Will the real God please step forward
by Britt Michaels
October 08, 2007
Revised: January 08, 2015
Throughout history, there have been many gods ― but is there A God? [We have a bad habit of misusing superlative comparisons.] We’re not very good at grammar. Commentators say “… is one of the best teams in the league.” To be correct, it’s either ‘one of the better teams’, or, ‘the best team’; however way ‘best’ is defined.
Let’s first look at the semantics of language.
‘Best’ is the superlative case. There is only one ‘best’. Supreme is synonymous to ultimate or greatest. ‘Supreme’ is the superlative case. There can be only one supreme being, or God. The old Greek and Roman societies had patrons, or gods, for most any occasions. Crops, the seas, war, backgammon ….. The Catholic Church thought this a real neat set-up. The use of many gods though, clashed with the First Commandment. The hierarchy got around that by using tricky wording: calling their gods, “patron saints”. Probably were lawyers.
A (one) God would have manifested himself the same to all new tribes during the dawn of civilization. Instead, each new group came up with its own god. Why different gods ― if there’s only one God? Gods are the invention of man.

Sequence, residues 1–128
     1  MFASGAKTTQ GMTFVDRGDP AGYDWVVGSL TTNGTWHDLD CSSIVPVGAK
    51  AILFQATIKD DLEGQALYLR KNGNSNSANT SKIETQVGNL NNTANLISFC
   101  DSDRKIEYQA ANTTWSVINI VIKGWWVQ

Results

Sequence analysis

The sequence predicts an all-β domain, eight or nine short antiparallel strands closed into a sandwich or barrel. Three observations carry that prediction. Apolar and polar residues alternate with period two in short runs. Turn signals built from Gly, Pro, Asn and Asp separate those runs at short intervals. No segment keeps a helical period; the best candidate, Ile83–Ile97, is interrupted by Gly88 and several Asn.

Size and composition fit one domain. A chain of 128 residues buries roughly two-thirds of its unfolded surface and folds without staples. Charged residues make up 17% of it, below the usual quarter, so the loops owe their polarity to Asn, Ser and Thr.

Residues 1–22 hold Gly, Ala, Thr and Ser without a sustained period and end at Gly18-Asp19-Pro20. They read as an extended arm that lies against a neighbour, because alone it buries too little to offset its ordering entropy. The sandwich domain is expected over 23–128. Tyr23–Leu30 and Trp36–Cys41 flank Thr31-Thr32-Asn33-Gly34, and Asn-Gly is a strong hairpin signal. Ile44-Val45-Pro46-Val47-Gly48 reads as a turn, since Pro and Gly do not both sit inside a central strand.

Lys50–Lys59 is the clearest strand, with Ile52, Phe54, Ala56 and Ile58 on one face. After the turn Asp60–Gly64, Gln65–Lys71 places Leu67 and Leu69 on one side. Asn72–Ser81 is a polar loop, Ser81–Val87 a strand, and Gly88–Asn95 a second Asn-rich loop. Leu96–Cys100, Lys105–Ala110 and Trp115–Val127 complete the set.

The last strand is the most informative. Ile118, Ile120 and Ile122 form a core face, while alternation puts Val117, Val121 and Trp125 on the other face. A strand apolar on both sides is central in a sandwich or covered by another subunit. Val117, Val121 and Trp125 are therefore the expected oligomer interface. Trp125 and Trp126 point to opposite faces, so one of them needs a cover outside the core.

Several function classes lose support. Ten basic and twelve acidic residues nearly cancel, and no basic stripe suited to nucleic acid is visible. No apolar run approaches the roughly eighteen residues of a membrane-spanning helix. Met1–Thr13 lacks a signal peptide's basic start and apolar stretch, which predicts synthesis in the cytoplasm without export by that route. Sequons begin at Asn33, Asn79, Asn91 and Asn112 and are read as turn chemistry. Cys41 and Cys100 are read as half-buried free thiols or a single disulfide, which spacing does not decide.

Each society in its early development, as to even today, had to devise laws and morals to survive. Otherwise, without controls, the society would break down, into rival factions. Tribal leaders realized this. Human controls, such as police and jails, for example, wouldn’t be enough. Some higher form would be needed.
Since ‘God’ hadn’t shown his face, or even a sleeved arm with a finger pointing out a cloud, one had to be invented. Tribes were small and isolated from each other in those early days. Since there wasn’t a common God, each tribe would have had to invent its own god. Humanoids were pretty thick in those days. They were easy to manipulate. (Actually, they still are.) ‘God’ had to be a physical force. Strong enough to control. Plain enough to see. Acts of Nature, like active volcanoes, thunder and lightning and forest fires were good starters.
These were strong forces. Though easily visable, it was hard to grasp and understand them. Though survival tactics were the primary activities, there was always enough time for tomfoolery, thievery, debauchery and other non-social activities. The tribal leaders saw the morals of their community disintegrating. Hence, the need for the invention of a ‘Supreme Being’. The rest is history. Some ‘gods’ aren’t really gods ― but we treat them as such. Celebrities, the almighty dollar and twinkies, to name a few.
Epicurus was an ancient Greek philosopher (341 – 270 BCE). His philosophy on the existence of God, and of death:
Is God willing to prevent evil, but not able? Then he is not omnipotent.
Is he able, but not willing? Then he is malevolent.
Is he both able and willing? Then whence cometh evil?
Is he neither able nor willing? Then why call him God?
On death: Death is the end of both body and soul, and should therefore not be feared.
© 2007 by James M. Britvich All Rights Reserved